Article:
Broad-based and inclusive financial systems significantly raise growth, alleviate poverty, and expand economic opportunity. Households, small enterprises, and the rural poor often have difficulty obtaining financial services for a multitude of reasons, including transaction costs, perceived risk, inadequate infrastructure, and information barriers. Yet many financial institutions are now making profitable inroads into underserved markets through formal banking, investment in equities, venture capital, postal banks, and microfinance. Access to Finance addresses the challenges of making financial systems more inclusive, emulating successful ventures in new markets, and utilizing technologies and government policies to support the expansion of financial access. The contributors examine many dimensions of financial access, including: • Measuring financial access • Understanding the impact of expanded access • Examining alternative institutional models • Exploring new technologies and information infrastructure • Evaluating government policies toward outreach.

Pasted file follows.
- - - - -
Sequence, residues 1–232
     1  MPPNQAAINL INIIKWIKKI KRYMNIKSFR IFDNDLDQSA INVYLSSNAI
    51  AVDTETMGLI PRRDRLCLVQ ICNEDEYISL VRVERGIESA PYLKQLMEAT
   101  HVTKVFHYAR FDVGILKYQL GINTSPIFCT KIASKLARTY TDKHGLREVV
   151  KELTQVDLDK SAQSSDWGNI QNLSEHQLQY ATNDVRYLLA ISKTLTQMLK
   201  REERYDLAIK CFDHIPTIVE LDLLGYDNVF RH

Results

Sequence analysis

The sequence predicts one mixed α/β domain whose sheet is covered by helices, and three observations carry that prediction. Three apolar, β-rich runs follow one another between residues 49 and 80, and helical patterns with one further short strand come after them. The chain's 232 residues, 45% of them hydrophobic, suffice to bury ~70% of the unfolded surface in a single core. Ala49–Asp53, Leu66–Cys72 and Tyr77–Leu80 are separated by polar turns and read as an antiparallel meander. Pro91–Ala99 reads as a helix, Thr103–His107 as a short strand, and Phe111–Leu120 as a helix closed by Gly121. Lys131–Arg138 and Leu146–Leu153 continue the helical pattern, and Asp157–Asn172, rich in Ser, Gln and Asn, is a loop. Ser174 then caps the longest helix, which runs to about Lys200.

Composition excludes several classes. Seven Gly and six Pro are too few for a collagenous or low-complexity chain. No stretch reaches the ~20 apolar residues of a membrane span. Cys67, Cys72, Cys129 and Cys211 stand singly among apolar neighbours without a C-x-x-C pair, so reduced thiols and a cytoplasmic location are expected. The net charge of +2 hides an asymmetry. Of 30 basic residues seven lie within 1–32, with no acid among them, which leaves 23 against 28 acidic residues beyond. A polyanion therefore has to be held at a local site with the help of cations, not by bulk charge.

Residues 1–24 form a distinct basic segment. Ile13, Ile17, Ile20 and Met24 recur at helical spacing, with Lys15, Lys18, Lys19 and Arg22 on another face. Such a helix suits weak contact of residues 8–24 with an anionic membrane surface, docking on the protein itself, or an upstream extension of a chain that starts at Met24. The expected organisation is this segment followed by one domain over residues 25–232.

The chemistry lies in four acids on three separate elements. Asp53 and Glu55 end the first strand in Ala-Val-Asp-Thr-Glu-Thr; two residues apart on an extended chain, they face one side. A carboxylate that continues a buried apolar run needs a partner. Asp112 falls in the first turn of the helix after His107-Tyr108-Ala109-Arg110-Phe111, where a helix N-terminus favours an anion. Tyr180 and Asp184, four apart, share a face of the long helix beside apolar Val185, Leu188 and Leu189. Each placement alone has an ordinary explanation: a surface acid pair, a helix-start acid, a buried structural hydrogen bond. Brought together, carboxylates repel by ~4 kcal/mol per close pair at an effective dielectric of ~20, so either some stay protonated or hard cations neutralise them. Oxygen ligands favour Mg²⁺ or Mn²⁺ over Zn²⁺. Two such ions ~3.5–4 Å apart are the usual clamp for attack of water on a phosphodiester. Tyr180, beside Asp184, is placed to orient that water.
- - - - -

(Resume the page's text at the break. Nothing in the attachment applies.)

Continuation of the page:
Michael S. Barr is an assistant professor at the University of Michigan Law School and a nonresident senior fellow in Metropolitan Policy at the Brookings Institution. He served as chair and now is on the Executive Committee of the Section on Financial Institutions of the Association of American Law Schools, and he was co-organizer of the Law School's Conference on Globalization, Law & Development. Anjali Kumar is a financial access issues adviser in the Financial Sector Operations and Policy department at the World Bank. Prior to joining the Bank, she served as a consultant to the Ministry of Industry in the government of India, and she held a fellowship at the Institute of Economic Growth, Delhi. Robert E. Litan is a senior fellow in Economic Studies at the Brookings Institution and vice president for research and policy at the Kauffman Foundation. Among his many books is Good Capitalism, Bad Capitalism, and the Economics of Growth and Prosperity (Yale University Press, 2007), written with William J. Baumol and Carl J. Schramm.